Wine Bottle Garden Borders: Pounding wine bottles into the ground as a garden boarder, pathway liner or edger is a great way to use old bottles. They’re durable, and look unique. See some inspiration here: Creative Reuse: Wine Bottle Borders.
Wine Cork Trivet: The Spanish design company Ciclus recycles waste products into things of beauty. Their Wine Cork Trivet begins as an aluminum tray that you fill with your old wine corks to create a hot plate or trivet.
Homemade Wine Rack: This just requires spray paint, some very large empty cans, test before constructing, and some superglue.
No one knows exactly who swings from building to building perilously landscaping Paris’ walls. Not unlike a masked superhero, the artist goes by an alias ‘Bonom’, wears a mask and never reveals his true identity. Working at night, on these large but dangerous open spaces, Paris’ most respected ‘clandestine’ artists, is also one of the most prolific.
If on the lookout while walking through Paris, you are likely to recognize his monumental works of intricate animal skeletons and other creatures floating close to the sky on grey façades. Bonom’s graffiti is dashed with an eerie quality making it instantly recognizable. To boost your chances of encountering a Bonom, look in the 11th district or look up at 123, rue Vielle du Temple in the Marais and you will see his enormous, somewhat gory, boar on a spit. For his minotaur you’ll have to go to rue de la Traversière towards Ledru Rollin. The artist is also very present in Brussels and Luxembourg but little else is know about him. Footage filmed by a Belgian television channel, shows him at work on a ten storey building – the scale of the piece alone makes it one of the most impressive of his works.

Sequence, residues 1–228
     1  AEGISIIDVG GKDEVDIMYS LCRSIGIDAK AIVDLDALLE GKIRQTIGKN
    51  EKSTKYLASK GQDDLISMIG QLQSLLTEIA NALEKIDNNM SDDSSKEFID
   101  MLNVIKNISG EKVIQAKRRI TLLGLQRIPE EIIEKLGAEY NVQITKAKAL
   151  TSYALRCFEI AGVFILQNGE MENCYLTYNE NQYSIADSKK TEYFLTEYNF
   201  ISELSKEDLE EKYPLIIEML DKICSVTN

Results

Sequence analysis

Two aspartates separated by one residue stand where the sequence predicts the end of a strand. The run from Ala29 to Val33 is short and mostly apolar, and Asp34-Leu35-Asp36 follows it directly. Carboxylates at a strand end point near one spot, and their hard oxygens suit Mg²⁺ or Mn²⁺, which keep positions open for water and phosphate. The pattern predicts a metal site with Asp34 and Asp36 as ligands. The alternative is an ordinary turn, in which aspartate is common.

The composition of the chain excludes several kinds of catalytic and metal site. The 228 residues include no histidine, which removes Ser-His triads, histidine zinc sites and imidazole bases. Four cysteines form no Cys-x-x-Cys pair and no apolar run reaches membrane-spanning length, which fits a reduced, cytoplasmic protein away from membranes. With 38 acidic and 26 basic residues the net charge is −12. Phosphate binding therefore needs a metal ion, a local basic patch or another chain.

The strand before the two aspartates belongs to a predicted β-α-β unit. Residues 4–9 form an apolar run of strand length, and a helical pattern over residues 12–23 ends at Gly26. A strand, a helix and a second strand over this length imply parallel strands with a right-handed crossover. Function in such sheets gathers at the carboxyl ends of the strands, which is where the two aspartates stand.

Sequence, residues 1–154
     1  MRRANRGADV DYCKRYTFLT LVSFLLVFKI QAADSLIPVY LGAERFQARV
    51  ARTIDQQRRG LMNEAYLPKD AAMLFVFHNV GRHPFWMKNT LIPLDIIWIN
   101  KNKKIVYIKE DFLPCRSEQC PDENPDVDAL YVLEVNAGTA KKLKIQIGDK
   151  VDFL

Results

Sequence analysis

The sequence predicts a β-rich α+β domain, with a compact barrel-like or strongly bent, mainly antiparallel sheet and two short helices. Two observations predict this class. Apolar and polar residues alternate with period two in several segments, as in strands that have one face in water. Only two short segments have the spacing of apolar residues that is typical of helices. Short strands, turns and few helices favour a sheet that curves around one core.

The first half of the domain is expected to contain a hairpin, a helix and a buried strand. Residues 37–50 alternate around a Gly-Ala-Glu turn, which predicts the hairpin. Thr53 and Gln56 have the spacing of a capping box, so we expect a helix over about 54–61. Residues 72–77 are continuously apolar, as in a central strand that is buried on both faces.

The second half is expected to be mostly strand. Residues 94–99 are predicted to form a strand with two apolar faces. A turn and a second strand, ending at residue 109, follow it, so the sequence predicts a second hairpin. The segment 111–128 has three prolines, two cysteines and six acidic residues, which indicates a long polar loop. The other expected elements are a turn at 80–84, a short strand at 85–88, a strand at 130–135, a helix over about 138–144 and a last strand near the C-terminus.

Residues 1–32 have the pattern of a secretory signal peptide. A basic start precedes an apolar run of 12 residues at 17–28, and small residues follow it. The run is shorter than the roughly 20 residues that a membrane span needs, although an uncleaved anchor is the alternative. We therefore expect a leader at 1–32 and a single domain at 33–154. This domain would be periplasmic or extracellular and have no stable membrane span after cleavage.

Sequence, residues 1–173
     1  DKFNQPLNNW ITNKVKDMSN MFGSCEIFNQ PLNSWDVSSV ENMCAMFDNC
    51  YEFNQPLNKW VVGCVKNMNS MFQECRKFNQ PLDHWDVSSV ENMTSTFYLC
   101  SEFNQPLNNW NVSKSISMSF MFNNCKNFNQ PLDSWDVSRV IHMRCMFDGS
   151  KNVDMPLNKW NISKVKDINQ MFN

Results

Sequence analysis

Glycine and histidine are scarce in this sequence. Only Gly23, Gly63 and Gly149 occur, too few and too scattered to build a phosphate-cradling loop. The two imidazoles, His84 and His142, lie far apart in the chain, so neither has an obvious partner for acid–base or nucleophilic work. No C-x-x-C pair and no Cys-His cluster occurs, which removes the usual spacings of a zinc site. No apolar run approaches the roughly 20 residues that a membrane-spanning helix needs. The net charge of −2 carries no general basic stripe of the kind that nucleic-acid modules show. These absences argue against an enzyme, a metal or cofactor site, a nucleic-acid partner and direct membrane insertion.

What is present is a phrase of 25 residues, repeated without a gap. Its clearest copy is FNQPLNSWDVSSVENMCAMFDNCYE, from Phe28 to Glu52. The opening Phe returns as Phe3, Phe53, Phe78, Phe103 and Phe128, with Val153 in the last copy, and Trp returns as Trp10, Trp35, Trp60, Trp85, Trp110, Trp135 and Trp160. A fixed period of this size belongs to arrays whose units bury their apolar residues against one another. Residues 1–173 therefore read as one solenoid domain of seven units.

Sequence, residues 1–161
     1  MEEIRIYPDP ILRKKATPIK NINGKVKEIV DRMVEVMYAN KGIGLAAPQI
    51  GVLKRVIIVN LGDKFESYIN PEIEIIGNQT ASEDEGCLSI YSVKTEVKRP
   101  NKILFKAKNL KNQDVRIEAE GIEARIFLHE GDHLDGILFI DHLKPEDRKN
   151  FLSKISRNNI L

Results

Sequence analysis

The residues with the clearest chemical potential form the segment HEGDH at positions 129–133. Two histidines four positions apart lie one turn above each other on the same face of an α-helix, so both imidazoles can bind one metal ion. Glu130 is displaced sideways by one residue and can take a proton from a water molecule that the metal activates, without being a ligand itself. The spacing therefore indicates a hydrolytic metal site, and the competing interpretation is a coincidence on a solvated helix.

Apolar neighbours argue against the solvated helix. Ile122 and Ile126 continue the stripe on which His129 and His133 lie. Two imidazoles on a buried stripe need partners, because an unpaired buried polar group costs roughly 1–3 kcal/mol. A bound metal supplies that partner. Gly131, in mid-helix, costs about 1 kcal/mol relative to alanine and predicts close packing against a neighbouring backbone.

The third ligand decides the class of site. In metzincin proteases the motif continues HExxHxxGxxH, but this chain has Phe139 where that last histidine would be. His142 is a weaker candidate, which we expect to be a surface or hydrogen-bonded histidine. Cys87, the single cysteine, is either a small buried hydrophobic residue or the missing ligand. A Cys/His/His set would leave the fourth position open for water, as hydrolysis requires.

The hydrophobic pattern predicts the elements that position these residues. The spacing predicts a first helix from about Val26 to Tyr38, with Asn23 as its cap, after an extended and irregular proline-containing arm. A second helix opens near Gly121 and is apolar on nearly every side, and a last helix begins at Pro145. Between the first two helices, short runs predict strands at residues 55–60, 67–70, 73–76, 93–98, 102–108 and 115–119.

Art institutions the Palais de Tokyo (one of my favorite museums in Paris with a must go cafe and deadly library) has joined forces with the recently burgled Musée d’Art Moderne to present a massive exhibit of the up-and-coming artists (must be under 35) who are currently working in France. The 40 chosen artists each display a piece (of every technique and style, including painting, video and sculpture). Opens June 11th, stay tuned for photos!